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A pressure group to lobby for Gozo’s social and economic development

Some comments regarding the possibility of a permanent Malta-Gozo link would suggest that the core issue here has not yet been fully realised by the public and, more importantly, accepted as fact by those who can do something about it.

Until Gozo’s particular problems and needs are fully appreciated and acknowledged, one cannot move on to the next stage — that of debating a solution — and all talk about the subject would be pointless, as no real effort will be made.

How can the feasibility of such a major initiative be discussed outside the factors that will or will not make it work? Indeed very little, and with not much depth, has been said about the social and economic impact of such a cataclysmic change.

To be fair, last Sunday’s conference, promoted by Chris Said in his usual dynamic style, touched on these issues and was a good exercise in bringing out the need for such studies.

However, is Gozo’s social and economic development, so crucial, for the islands’ (and I emphasis the plural) future growth, truly high up on the agenda of the people who count?

If it is, why, after our main parties spent so many years in power, is the loss of our youths to pastures new continuing?

Welcome as they are, are the present investment programmes being made within a feasible plan aimed at Gozo’s core problems, or is their political value an end in itself?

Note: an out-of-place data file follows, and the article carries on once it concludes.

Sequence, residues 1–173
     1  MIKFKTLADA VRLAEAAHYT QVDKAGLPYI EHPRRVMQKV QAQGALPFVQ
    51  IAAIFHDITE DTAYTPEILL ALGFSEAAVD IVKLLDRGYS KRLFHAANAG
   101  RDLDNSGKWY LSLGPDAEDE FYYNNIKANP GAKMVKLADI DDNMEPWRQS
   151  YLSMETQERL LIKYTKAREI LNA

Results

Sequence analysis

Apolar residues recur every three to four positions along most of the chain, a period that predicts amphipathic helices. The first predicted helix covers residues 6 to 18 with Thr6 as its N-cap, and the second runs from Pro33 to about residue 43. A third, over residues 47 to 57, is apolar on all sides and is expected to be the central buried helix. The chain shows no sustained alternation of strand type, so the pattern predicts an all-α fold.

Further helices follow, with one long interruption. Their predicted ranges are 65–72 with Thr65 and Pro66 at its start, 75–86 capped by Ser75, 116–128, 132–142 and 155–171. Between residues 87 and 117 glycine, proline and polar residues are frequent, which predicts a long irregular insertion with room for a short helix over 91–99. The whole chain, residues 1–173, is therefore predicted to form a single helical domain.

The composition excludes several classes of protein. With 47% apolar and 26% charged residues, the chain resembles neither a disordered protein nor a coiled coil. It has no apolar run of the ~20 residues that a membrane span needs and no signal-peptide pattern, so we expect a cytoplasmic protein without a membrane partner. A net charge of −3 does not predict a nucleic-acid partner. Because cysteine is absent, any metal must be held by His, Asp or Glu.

Why is there a complete dearth of ideas or direction from those who put themselves up to be viable alternatives to the present administration, even when they know that their record when in power is the most damning in this regard?

How can they convince us now, when during their time not only was state investment in Gozo non-existent but no effort was made to ease the difficulties faced by its inhabitants seeking a livelihood or to better their education on the mainland, something which the present administration, to their great credit, redressed by transport and accommodation subsidies?

So what are we Gozitans, who are the most concerned, but also our fellow Maltese who believe strongly in the island’s potential, doing about it?

Are our designated representatives whether political or commercial, or other community leaders on board on this, the need to put Gozo on the economic map, and its inhabitants’ right to earn a living on their native island?

We, the Gozo-loving community, have to face the stark reality that the fault rests with us. While we bicker among ourselves, we expect others who may be less sensitive to our needs, and whose ways of putting things forward sometimes verges on patronising, to do the job for us.

What we need then is a properly functioning pressure group, with a brave and innovative vision, who will articulate our case in a coherent and structured way; but also, one with some clout, able to put pressure on the powers that be, which is essential.

Above all we need an independent lobby, one composed of people without self interests, without dreams of self-promotion, who owe allegiance to no one and who do not need to look over their shoulders when taking initiatives in the general interest of our community. And I believe we have capable men to do it, if only we Gozitans would back them.

I suspect there are many like me who are tired of rhetoric from whatever quarter, and so unless people like Franco Mercieca, for one (The Sunday Times, January 16),really wish to pick up the cudgels and address the real problem, then, I’m afraid, this is no more than futile and hopeless labour.

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